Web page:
For brands that aren’t embracing the measure of ethical and sustainable fashion, there’s a price to pay that goes far beyond P&L — a human cost.
Behind the numbers and production costs are garment workers, predominantly female, who face daily abuse and different types of violence in the workplace, including: sexual harassment, psychological abuse, job and salary inequality and discrimination by male supervisors who abuse their hierarchical, macho power against female workers within the supply chain. This is the result of a political and social patriarchal structure which perpetuates unequal rights and gender discrimination, aided by the lack of knowledge among the female garment workers of their rights.
Blanca Velázquez emphasizes the importance of knowing your rights more than anyone. As the founder and director of the Centro de Apoyo al Trabajador (CAT), Velázquez helps primarily female workers in Morelos — a state just southeast of Mexico City — know and defend their human rights.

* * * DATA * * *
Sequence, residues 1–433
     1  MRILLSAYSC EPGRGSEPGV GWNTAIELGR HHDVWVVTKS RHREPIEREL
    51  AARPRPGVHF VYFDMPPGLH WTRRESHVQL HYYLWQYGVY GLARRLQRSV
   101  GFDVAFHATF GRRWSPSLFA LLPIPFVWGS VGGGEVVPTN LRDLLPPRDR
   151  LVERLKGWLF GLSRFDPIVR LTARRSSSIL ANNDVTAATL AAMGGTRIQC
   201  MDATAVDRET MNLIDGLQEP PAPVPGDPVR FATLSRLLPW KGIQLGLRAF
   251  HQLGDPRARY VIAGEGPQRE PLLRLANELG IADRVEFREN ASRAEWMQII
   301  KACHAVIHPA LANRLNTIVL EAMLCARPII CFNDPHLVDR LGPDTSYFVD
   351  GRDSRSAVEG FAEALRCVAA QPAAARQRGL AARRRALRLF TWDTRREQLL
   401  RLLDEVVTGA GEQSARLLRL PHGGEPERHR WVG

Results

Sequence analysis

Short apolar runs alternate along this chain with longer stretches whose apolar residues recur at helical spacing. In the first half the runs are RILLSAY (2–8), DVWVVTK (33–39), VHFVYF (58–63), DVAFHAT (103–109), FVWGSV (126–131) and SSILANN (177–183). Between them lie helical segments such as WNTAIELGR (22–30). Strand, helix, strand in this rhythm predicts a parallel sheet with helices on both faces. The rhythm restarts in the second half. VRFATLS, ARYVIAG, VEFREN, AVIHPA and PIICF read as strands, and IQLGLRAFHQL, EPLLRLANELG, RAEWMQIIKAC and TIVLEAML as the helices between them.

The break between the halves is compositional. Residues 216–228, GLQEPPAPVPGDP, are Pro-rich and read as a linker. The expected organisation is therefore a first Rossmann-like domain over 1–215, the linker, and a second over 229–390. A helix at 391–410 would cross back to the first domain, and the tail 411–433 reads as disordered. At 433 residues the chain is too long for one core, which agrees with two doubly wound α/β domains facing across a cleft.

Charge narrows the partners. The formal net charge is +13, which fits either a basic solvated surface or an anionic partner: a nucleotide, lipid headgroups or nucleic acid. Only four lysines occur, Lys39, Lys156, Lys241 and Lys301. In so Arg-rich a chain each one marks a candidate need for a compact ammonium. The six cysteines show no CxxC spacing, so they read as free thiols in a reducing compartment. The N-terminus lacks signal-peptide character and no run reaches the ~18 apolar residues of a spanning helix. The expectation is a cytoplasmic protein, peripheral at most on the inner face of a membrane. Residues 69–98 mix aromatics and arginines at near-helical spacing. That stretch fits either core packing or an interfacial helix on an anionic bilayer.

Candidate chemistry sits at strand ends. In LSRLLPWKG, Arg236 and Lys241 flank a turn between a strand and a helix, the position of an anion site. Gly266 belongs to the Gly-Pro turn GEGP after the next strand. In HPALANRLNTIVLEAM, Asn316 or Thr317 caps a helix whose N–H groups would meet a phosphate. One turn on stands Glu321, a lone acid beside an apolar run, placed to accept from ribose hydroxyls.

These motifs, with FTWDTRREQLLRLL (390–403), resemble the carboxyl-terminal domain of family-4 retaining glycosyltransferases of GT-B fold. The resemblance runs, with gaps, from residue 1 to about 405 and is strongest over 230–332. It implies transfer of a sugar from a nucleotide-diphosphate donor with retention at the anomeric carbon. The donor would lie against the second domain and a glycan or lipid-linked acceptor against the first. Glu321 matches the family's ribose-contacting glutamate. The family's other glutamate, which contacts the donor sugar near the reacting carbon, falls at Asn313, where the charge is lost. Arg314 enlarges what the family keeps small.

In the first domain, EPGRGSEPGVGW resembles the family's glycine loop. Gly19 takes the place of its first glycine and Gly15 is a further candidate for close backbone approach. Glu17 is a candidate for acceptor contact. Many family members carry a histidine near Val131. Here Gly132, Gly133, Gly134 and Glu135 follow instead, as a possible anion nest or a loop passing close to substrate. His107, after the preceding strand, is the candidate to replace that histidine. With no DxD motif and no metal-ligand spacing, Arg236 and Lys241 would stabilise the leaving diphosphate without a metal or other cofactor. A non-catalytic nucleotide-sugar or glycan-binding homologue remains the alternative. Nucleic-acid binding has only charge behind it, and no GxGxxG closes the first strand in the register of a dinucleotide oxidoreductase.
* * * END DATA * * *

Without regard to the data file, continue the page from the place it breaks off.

But it’s a long, complicated and dangerous process to get workers involved, to fight against powerful factory owners and open brands’ eyes to the injustices occurring within their supply chains as it touches upon both political and economic interests. The activists involved in such processes of advocacy are in constant danger while being subjected to the interests of economic power struggles. According to them, brands don’t put the issues high on their agendas as they are too far removed from the workers to emphatize.
Velázquez herself has received death threats and been harassed for more than 15 years in the course of her work. In 2010, members of CAT received death threats and were forced into hiding to protect their physical and psychological integrity. Her passion of defending human rights is strengthened by her own experiences of violence against her and her family.
For Velázquez, women’s rights and worker rights are inextricably entwined. “In Morales, we trained up to 200 women to advocate for change and to demand improvements in their working conditions for up to 3 years. We were supported by local, national and international partners who were vocal in getting the brands involved to stop the injustices experienced by female workers. This made all the difference.”